Washington Square North & 5 Ave
Ai often visited Washington Square Park when he lived nearby in the 1980s, drawn to its vitality as a hub for creative and political expression. His 37-foot-tall steel cage echoes the iconic form of the marble arch, which commemorates George Washington leading the nation toward democracy. While seeming to create an obstruction, Ai opens a passageway through its center in the silhouette of two united figures. Visitors are able to pass through, reflected in an undulating ribbon of polished stainless steel. Their outline takes its form from Marcel Duchamp’s 1937 Door for Gradiva, created to frame the entrance to Andre Breton’s art gallery in Paris. This is fitting reference to the immigrant conceptual artist since Duchamp used to play chess in Washington Square Park, and once notoriously made his way to the top of the park’s arch with a group of other bohemian poets and artists. There, they spread out blankets, hung Chinese lanterns, tied red balloons to the arch’s parapet, declaring it the “Free and Independent Republic of Washington Square,” and conversed and caroused until dawn. This subtle homage to Duchamp highlights how influential he has been for Ai, who also often appropriates existing forms and materials to make his artworks. It is also a fitting tribute to the figure who has had an enormous impact on many immigrant artists in the years since, who have in turn made New York the hub of world culture that it is today.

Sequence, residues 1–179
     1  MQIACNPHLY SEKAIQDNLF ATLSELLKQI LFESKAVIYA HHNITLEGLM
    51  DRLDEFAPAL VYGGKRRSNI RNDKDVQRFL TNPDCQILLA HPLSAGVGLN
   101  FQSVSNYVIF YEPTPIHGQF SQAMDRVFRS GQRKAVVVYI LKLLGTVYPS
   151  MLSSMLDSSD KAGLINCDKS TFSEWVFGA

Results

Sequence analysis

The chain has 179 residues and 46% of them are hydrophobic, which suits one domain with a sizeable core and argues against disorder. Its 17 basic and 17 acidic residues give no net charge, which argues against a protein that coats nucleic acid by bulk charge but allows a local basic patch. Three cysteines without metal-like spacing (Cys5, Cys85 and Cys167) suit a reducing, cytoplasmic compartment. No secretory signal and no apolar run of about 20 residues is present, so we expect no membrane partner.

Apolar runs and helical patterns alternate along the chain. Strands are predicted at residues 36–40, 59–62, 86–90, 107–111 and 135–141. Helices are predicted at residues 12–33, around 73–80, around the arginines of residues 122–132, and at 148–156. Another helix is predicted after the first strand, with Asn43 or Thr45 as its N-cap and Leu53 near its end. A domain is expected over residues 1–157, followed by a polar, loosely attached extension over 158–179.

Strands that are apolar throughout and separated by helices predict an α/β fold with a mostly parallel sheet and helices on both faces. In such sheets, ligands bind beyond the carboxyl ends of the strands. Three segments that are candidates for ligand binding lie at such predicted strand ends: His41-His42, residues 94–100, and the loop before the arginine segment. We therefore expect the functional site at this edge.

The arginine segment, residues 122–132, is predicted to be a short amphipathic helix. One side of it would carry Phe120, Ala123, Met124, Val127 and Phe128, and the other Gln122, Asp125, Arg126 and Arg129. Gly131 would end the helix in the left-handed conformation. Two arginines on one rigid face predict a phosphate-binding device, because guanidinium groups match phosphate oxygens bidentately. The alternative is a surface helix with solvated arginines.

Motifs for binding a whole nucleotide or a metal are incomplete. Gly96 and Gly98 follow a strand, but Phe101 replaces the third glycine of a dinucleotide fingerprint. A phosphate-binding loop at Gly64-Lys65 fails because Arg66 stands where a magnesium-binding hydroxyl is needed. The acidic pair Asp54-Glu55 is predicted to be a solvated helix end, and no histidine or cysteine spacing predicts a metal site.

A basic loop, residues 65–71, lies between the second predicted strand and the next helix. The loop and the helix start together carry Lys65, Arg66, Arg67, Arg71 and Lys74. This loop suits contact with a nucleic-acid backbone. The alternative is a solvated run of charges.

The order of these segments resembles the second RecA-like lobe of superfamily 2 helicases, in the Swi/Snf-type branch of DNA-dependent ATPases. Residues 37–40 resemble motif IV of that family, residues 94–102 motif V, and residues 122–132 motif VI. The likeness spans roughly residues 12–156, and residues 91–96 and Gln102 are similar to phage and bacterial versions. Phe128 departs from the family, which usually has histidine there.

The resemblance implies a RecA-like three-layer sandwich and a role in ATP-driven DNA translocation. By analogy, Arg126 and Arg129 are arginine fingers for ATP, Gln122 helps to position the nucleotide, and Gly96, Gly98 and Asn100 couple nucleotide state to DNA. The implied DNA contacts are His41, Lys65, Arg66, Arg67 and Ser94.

Courtesy of Ai Weiwei Studio/ Frahm & Frahm.
Photo: Jason Wyche.